Background and study aims: Screening colonoscopy with polypectomy has been shown to reduce the morbidity and mortality associated with colorectal cancer. However, there is a lack of large and systematic prospective studies of the complications of polypectomy.
Patients and methods: Data on all snare polypectomies performed in 13 institutions (six hospitals and seven gastroenterology offices) were recorded prospectively during a 20-month period, including data on a 30-day follow-up period. The primary end points of the study were polypectomy complications, which were classed as "major" or "minor". Risk factors for complications were analyzed for both patient characteristics and polyp parameters.
Results: A total of 3976 snare polypectomies in 2257 patients (mean age 64.5 years) were included in the study. The mean polyp size was 1.1 cm, and 72% were sessile. Complications occurred in 9.7% of patients (6.1% of polyps); 75% of these complications were minor; and the mortality rate was zero. Multivariate regression analysis revealed polyp size as the main risk factor, both for complications overall (odds ratio 6.56, 95%CI 4.45-9.67) and for major complications (odds ratio 31.01, 95%CI 7.53-128.1). Right-sided polyp location was a significant risk factor for major complications (odds ratio 2.40, 95%CI 1.34-4.28). Setting a cut-off value of 3% as an acceptable rate for major complications, polyps larger than 1 cm in the right colon or 2 cm in the left colon, and multiple polyps carried an increased risk.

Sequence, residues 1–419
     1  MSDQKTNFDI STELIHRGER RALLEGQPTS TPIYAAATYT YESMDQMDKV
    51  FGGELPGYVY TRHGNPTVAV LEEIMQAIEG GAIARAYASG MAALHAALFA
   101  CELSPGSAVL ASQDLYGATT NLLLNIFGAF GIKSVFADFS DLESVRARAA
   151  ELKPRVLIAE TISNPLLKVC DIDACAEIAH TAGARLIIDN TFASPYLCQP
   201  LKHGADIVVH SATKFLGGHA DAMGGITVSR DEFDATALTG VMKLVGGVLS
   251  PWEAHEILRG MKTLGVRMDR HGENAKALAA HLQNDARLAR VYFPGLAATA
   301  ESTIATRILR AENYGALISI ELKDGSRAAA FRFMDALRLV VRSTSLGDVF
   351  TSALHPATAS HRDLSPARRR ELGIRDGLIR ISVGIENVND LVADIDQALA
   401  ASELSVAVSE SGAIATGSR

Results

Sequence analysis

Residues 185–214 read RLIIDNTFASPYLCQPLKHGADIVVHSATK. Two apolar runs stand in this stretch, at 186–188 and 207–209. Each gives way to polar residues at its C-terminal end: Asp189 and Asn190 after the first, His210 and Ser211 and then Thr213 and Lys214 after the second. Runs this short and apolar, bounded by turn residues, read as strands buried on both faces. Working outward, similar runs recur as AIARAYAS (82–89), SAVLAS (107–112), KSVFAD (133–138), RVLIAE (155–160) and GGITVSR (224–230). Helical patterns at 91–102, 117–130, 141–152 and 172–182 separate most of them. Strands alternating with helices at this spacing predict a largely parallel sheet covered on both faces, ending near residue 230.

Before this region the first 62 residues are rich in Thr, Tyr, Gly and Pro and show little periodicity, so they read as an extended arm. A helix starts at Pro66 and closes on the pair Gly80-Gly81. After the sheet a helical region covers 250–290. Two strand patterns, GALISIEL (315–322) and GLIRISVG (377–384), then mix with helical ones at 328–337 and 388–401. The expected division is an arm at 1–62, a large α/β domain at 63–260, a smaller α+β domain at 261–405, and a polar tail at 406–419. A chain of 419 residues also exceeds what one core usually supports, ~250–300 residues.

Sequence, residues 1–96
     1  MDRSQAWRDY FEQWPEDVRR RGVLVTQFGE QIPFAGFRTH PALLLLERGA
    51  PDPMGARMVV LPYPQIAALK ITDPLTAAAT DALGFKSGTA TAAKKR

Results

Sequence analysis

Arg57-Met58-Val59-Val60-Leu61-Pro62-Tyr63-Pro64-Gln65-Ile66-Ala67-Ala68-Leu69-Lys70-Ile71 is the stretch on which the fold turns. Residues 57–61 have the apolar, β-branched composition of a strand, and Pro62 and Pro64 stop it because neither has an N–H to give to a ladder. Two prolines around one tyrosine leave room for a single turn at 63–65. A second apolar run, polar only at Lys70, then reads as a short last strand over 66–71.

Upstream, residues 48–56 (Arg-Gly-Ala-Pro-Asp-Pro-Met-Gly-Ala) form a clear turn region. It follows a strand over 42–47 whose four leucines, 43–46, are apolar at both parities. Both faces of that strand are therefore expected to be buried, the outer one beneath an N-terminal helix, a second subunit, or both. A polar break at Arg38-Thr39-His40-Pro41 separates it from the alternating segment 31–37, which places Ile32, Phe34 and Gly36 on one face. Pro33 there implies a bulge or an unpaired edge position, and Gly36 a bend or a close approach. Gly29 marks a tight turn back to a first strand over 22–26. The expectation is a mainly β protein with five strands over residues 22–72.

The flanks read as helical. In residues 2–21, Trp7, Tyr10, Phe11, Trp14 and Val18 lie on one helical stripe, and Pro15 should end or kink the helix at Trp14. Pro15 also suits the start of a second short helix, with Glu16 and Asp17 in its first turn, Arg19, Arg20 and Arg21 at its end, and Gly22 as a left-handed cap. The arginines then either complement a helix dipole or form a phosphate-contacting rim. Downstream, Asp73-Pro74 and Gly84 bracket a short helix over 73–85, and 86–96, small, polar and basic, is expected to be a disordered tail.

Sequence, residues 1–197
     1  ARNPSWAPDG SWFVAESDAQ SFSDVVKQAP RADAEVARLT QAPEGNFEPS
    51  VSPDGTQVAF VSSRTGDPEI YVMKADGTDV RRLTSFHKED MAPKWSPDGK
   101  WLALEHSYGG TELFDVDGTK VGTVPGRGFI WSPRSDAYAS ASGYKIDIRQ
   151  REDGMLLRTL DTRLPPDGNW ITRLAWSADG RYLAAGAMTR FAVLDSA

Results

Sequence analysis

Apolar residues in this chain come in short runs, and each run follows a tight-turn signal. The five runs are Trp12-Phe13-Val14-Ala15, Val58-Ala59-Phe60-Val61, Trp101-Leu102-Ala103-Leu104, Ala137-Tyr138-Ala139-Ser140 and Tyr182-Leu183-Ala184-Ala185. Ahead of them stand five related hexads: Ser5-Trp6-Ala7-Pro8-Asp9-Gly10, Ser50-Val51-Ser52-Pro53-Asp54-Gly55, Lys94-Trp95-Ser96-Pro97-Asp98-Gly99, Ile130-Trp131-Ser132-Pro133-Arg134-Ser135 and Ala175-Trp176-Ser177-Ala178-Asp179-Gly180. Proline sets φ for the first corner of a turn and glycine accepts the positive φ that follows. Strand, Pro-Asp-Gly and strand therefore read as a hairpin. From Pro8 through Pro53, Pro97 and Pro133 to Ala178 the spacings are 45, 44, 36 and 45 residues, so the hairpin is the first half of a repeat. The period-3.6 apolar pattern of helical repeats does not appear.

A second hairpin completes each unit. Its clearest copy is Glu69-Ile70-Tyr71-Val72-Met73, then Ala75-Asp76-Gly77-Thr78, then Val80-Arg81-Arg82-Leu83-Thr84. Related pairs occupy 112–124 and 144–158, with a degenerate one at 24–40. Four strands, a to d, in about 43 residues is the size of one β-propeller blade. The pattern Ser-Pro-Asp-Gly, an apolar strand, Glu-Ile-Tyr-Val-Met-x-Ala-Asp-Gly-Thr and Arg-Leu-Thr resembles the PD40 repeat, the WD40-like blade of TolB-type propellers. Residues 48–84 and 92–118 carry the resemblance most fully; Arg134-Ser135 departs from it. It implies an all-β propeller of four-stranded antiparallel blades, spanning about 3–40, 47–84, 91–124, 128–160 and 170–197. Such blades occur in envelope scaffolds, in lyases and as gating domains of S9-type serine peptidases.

Conclusions: Colonoscopic polypectomy is associated with a 10% rate of complications, but three-quarters of these are of minor clinical significance. More than 90% of the complications can be managed conservatively if adequate endoscopic expertise is available. Guidelines for intensified follow-up after polypectomy should be based on the size, location, and number of a patient's polyps.